The common food poisoning bug salmonella can help the immune system to fight cancer, scientists have discovered.
Acting like a "Trojan horse" the salmonella bacteria can infiltrate tumours and flag the cancer cells up to the body's immune defences, making them a target for attack.
Cancers have evolved ways of evading the immune system and so are often not destroyed.
South Korean researchers have engineered a strain that is a million times less potent than the version of the bug that causes food poisoning.
The team of scientists is now seeking funding for clinical trials as the early animal tests have proved so successful.
In mice with bowel cancer, more than half the animals were completely cured without any side effects.
Professor Joon Haeng Rhee, from Chonnam National University Hwasun Hospital in Jeonnam, South Korea, said: "We believe that this was turning tumour-helping immune cells, Dr Jekyll, into tumour-killing ones, Mr Hyde."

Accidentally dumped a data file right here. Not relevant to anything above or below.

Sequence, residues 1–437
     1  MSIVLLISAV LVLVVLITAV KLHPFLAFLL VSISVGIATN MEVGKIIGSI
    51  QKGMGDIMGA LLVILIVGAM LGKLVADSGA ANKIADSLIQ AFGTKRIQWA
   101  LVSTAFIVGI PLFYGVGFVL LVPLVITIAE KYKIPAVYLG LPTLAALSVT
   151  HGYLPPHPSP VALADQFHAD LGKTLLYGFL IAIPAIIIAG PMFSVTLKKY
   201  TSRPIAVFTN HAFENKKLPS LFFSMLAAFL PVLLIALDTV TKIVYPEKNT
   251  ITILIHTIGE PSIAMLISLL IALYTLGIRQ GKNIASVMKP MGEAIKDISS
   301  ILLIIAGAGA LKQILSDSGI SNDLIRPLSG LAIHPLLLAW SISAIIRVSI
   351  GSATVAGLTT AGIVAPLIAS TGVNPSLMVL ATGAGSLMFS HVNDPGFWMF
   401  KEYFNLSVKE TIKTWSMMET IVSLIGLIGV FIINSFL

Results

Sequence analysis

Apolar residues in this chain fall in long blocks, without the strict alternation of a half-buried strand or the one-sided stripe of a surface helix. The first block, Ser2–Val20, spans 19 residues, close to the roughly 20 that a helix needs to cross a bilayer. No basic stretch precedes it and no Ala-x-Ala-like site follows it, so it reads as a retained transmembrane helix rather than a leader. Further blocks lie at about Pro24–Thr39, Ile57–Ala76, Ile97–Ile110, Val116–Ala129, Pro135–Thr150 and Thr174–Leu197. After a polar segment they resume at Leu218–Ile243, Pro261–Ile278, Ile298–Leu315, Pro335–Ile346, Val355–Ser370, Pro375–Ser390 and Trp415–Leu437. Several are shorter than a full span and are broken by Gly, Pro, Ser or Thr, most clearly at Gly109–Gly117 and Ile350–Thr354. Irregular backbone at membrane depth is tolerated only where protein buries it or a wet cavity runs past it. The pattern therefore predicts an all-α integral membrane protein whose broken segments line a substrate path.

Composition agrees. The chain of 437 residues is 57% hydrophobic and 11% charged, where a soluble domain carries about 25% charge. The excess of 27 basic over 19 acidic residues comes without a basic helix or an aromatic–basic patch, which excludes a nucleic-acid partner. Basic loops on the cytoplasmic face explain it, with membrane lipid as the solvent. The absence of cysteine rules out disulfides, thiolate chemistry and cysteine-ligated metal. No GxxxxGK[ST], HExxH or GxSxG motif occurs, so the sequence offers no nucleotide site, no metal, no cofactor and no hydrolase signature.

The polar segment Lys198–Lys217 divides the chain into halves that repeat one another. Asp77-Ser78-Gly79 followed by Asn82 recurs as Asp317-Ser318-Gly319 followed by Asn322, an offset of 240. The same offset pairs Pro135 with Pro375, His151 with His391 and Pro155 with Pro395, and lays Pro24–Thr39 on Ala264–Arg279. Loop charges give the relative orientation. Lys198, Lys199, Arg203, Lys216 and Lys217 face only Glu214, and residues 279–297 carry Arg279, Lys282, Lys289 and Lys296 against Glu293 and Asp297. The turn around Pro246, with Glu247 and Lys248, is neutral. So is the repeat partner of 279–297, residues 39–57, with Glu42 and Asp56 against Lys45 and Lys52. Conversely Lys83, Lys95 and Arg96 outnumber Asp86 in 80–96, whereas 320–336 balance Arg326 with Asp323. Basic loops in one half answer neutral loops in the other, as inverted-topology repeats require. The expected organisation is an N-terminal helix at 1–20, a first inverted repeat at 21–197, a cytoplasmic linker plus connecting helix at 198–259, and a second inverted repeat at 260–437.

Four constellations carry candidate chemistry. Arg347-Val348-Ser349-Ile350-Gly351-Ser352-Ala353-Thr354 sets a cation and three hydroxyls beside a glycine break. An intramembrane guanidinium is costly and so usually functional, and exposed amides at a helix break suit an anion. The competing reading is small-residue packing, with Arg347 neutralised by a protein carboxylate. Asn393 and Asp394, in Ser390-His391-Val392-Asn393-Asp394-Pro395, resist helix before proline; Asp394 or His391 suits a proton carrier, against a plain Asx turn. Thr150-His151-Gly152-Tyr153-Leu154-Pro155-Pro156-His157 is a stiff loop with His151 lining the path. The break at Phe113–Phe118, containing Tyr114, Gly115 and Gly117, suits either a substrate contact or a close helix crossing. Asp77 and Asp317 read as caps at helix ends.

The research reported in Science Translational Medicine is the first time scientists have used the body's own response to salmonella to combat cancer.
The discovery arose from an unrelated study when scientists found that bacteria attacking shellfish produced a protein that triggered a strong immune response.
The modified salmonella releases the same protein to spur the immune system into action.
Professor Kevin Harrington, from The Institute of Cancer Research, London, said: "It has been known for some time that certain types of bacteria, including strains of salmonella, are able to grow in tumours but not in normal tissues.
"However, until now, attempts to use bacteria as anti-cancer therapies have had limited success, both in the laboratory and in the clinic."